After the hurricane we didn't have current or telephone at home, but we still had Internet service in The Valley. So I started answering people's e-mail questions by posting the answers to my "Luis" web page.
On Tuesday, September 5th, 1995, the island of Anguilla took a direct hit from Hurricane Luis. To understand how massive and powerful Luis was, you only have to look at the satellite image.
We personally evacuated Anguilla on Sep 4 and returned home on Sep 10 to assess the damage. We were lucky and suffered no losses. Some people lost their roofs and some lost their whole houses, but most homes suffered only water damage. This is probably because the Anguillans started building low concrete homes after Hurricane Donna in the 60's.
Although Anguilla was badly mauled, it was more fortunate than the neighboring islands. There were no injuries, no deaths, and no need for a curfew. The British sailors who arrived were able to help with re-stringing the power and telephone lines and repairing the high school, instead of guarding stores. They said they were impressed by how often Anguillans stopped at their work sites to pitch in and help.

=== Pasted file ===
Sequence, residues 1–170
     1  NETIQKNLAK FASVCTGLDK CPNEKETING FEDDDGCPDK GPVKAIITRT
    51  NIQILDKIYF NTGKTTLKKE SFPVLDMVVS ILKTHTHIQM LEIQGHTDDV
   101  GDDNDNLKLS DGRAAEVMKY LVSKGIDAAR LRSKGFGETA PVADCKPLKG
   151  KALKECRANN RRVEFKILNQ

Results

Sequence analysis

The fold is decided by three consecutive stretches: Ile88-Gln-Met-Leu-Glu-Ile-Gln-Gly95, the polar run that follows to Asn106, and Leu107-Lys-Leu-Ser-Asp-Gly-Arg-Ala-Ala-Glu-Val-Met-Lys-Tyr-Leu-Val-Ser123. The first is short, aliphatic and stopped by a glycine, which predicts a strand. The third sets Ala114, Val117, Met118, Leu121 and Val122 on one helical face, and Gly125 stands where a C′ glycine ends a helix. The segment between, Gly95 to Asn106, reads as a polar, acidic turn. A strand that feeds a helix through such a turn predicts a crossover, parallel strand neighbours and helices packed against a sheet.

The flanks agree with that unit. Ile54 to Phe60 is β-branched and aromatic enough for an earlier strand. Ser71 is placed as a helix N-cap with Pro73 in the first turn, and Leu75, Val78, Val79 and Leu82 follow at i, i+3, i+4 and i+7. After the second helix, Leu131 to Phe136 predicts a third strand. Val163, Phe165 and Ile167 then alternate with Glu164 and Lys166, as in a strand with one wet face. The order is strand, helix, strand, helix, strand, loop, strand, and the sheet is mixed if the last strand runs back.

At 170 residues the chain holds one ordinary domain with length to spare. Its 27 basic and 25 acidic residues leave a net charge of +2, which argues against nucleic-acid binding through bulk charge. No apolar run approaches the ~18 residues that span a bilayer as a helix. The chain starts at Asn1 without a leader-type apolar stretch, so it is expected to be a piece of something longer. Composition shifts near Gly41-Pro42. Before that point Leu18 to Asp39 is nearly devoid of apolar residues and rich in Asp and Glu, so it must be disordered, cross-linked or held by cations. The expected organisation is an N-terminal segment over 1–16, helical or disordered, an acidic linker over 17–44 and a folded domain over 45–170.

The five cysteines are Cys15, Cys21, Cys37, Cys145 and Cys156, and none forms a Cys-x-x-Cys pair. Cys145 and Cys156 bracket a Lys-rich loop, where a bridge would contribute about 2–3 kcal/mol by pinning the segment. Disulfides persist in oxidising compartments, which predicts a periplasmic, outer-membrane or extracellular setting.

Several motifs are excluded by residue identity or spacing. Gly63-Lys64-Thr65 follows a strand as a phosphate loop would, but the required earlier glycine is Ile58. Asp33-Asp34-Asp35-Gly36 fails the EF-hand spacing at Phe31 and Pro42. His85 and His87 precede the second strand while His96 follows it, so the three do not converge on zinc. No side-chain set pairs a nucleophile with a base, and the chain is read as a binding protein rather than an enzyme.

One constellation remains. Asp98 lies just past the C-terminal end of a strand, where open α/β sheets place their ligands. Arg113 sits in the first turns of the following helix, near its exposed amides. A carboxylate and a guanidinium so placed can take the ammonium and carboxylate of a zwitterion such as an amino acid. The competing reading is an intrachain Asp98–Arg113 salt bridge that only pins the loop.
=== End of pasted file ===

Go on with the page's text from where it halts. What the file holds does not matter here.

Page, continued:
There are also no leaves remaining on the trees, giving the landscape a much deeper shade of brown than usual.
Phone services and electric power were knocked out, of course, not to mention cable TV. People are busy setting up generators while the island is re-wired. It has been inspiring to see everyone cleaning up and repairing the damage. Johnno's Beach Bar at Sandy Ground was completely washed away, but Johnno was back in business with live music within two days after Luis. After the roof blew off the phone exchange and watered all the switches, Cable and Wireless set up a satellite phone in their yard, then flew in a PBX and hooked it to the international fiberoptic cable, then started rebuilding the phone switch.
Fortunately, Hurricane Marilyn missed Anguilla. It only brought a day of heavy rain that caused all the plants to burst out with new green shoots. This added much needed color back to the landscape.
Anguilla has few truly homeless people: no one was on the street or in tent or other community shelters. Those who lost everything were cared for and given shelter by family and friends, neighbours helping neighbours.
Ms Janice Leach American Red Cross 2025 East Street NW Washington DC, 20006
Checks should be marked:
For Anguillain their bottom left-hand corner.
BankAmerica Int, One World Trade Center
NY,NY 10048 ABA #026009593
National Bank of Anguilla A/C # 6550452011
For further credit to:
Anguilla Disaster Relief Fund
Account No. 2011898
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